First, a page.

Rethinking Lifestyle

Carbon Tax 101

  • Tamara Rempel, Guest Author
  • Mother and homemaker
Carbon Tax

I don’t know about you, but when I hear someone starting to talk about carbon taxes or offsets or cap-and-trade or even UN climate accords, my eyes begin to glaze slightly and my brain starts making to-do lists or replaying scenes from the latest Crown episode. I’m mildly embarrassed to say that I don’t really understand what a lot of it means. I DO know that I am really feeling a pinch at the grocery store (I am now feeding teenagers), and also at the gas pump. At the same time, I am also very aware climate change is real, severe weather events are occurring more frequently and glaciers are shrinking. I’m also not okay with Mr. Zwaagstra’s position in last week’s Think Again column, where he flippantly comments that China and India are a much bigger environmental problem than Canada so why should we change anything? This feels like an argument my kids would use to get out of cleaning up their own mess.

A cursory internet search provides many explanations and summaries of the carbon tax policies and aims of our current government. I will attempt to provide a brief “Coles Notes” for anyone else in my situation.

Taxes are implemented by governments for two reasons: to generate revenue and to encourage or discourage citizen behaviours.

Greenhouse gases (GHGs) are emissions which include carbon dioxide, methane, nitrous oxide, ozone, and water vapour. GHGs have far-ranging environmental and health effects. They cause climate change by trapping heat, which can cause glaciers to melt, oceans to rise, and produce unstable and extreme weather events, such as BC’s extreme heat and wildfires last year, or the recent flooding in Pakistan. They also contribute to respiratory disease from smog and air pollution.

Carbon emissions are one type of greenhouse gas that occurs when carbon dioxide enters the air after a human activity or process. They get the most attention because they’re the most significant in terms of quantity: approximately 80 percent of all greenhouse gases are carbon dioxide. Canada is particularly culpable, as we currently have a carbon emission rate six times higher per capita than India’s.

In 2019, the federal election was fought with the background of Greta Thunberg’s rousing speech to the UN Climate Summit in New York, youth climate strikes on Fridays, and language such as ‘climate emergency’. Approximately two-thirds of Canadians voted for a party that supported a carbon tax, either the Liberals, NDPs, or the Greens. The Liberal Party won, formed a minority government and proceeded to implement their promised carbon levy, a “revenue-neutral” initiative, in an effort to change Canadians’ GHG-emitting behaviours.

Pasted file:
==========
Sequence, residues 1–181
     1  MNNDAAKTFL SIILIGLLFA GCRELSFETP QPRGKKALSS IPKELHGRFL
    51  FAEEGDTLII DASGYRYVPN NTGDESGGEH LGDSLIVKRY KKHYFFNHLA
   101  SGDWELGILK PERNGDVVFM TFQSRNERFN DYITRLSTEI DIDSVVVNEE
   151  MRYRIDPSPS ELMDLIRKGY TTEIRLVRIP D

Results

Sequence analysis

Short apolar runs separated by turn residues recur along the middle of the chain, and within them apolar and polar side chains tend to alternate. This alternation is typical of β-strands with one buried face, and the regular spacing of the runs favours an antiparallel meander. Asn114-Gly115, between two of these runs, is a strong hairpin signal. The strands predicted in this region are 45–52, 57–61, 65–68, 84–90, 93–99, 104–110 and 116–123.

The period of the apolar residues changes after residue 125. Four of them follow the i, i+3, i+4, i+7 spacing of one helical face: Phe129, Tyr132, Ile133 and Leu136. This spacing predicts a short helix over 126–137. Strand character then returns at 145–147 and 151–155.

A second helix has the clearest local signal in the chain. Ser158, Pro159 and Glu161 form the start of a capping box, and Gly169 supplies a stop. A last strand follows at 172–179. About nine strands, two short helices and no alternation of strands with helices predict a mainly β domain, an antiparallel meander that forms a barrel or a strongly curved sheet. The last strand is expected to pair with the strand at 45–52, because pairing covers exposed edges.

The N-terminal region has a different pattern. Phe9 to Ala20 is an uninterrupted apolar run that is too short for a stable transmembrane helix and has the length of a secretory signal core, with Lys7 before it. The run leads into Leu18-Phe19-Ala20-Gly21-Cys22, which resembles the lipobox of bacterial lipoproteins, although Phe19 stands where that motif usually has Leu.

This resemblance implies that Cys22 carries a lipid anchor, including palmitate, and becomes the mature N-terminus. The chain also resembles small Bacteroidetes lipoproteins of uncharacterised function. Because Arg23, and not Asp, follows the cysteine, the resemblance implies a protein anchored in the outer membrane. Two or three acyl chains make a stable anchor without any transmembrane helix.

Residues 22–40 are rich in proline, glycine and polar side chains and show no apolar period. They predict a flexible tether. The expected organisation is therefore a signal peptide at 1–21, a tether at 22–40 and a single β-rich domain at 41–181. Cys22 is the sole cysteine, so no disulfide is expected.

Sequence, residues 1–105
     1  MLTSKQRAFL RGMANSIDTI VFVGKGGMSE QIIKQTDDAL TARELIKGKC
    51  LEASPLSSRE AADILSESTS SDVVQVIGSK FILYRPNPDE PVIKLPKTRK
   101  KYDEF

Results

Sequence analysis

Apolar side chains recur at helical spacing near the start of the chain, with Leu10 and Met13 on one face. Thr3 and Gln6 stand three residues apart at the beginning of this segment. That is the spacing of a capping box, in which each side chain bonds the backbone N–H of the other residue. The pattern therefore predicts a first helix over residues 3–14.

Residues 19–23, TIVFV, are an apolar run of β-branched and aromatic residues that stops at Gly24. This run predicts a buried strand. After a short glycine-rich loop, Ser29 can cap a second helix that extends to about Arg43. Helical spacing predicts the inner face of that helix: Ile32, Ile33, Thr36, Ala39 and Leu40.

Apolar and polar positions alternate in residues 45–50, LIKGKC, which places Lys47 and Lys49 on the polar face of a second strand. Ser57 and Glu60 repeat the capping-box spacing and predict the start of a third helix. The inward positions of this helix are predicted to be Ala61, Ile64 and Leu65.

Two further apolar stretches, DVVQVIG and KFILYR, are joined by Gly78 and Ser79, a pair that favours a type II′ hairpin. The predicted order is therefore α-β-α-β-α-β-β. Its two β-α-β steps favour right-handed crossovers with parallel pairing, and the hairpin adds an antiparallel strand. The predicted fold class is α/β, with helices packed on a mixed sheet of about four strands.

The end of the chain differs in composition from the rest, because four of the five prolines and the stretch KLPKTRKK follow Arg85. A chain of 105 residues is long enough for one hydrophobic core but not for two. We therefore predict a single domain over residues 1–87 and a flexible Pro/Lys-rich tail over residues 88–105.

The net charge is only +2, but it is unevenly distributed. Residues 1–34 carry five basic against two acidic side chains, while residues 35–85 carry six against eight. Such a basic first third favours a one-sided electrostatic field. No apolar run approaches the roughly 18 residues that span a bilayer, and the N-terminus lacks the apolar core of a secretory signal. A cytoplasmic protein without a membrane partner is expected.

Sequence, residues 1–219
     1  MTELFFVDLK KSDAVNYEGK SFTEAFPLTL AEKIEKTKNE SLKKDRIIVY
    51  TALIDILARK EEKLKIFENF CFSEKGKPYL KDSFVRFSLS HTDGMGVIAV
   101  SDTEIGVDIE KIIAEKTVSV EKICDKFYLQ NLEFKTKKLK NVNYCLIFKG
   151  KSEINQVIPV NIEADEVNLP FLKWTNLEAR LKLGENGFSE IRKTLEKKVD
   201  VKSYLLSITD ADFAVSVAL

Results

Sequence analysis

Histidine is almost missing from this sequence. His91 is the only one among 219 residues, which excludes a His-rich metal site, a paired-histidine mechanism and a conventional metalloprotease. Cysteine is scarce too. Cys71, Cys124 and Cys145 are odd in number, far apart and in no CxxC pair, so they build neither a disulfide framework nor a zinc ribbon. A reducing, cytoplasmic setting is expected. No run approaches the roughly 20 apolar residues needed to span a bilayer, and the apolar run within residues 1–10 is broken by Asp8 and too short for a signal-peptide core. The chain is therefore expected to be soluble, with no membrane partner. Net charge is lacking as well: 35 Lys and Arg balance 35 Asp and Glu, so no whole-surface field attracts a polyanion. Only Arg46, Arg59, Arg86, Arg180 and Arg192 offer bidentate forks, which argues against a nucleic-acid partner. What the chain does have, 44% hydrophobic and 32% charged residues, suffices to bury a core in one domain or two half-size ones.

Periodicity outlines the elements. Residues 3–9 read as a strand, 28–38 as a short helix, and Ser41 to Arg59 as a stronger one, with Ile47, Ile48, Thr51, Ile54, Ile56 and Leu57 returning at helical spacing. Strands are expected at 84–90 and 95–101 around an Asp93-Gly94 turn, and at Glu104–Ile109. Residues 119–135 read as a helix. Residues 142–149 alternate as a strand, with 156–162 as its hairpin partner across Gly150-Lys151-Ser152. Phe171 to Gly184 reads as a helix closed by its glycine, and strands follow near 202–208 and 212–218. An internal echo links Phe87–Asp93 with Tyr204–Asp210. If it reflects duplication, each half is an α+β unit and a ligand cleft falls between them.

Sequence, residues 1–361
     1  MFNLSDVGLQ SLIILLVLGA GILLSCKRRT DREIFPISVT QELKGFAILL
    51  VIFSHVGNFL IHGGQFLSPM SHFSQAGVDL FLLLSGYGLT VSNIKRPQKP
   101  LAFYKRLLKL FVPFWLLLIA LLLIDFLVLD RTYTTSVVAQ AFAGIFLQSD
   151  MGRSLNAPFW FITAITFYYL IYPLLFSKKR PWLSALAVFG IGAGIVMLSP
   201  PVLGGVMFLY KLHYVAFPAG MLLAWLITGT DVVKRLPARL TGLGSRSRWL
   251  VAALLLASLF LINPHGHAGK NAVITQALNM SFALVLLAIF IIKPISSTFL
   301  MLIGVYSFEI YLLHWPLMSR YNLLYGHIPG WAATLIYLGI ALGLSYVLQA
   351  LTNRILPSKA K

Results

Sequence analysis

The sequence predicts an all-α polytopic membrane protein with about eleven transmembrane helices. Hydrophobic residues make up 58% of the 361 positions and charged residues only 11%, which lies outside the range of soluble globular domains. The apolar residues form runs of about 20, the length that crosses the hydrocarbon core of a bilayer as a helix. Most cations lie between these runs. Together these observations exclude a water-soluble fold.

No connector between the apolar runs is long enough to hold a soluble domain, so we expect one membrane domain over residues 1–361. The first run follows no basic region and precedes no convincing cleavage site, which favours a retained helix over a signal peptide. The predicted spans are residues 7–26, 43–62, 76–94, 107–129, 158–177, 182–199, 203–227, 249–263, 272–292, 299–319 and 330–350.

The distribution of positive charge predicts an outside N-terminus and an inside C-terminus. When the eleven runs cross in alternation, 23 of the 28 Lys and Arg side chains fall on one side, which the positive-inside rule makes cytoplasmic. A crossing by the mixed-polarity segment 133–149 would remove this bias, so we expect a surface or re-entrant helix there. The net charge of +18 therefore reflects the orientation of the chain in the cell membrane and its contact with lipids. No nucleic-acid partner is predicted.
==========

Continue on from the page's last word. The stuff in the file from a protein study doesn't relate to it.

Carbon pricing is gaining momentum globally. In Canada, the federal government implemented a nation-wide carbon price. It began at $20 per tonne of carbon dioxide equivalent emissions in 2019, rose to $50 per tonne as of April 2022, and will continue to increase until it reaches $170 per tonne in 2030. The idea behind this levy is people who consume more carbon will spend more than the amount of tax equally remitted to everyone. For example, someone who takes public transit would receive more money back than the driver of a gas-guzzling SUV.

All revenue gained from the carbon tax is remitted back to the province it came from. Rural residents receive a 10% bump, as transportation costs are greater and public transit options limited. Some of the funding pays for green retrofits in schools and public buildings, but the vast majority comes via personal income tax credit. Payments are quarterly and began this past July, varying by province.

The carbon tax in its current manifestation may not bring about the changes necessary to preserve our society and our natural world. But it will likely bring a bit of discomfort that hopefully causes us to examine our lifestyles and make positive changes which will benefit our planet for generations to come. And I guess riding my bike into town, rather than driving those 5km, would have mental and physical health perks on top of the positive financial and environmental repercussions.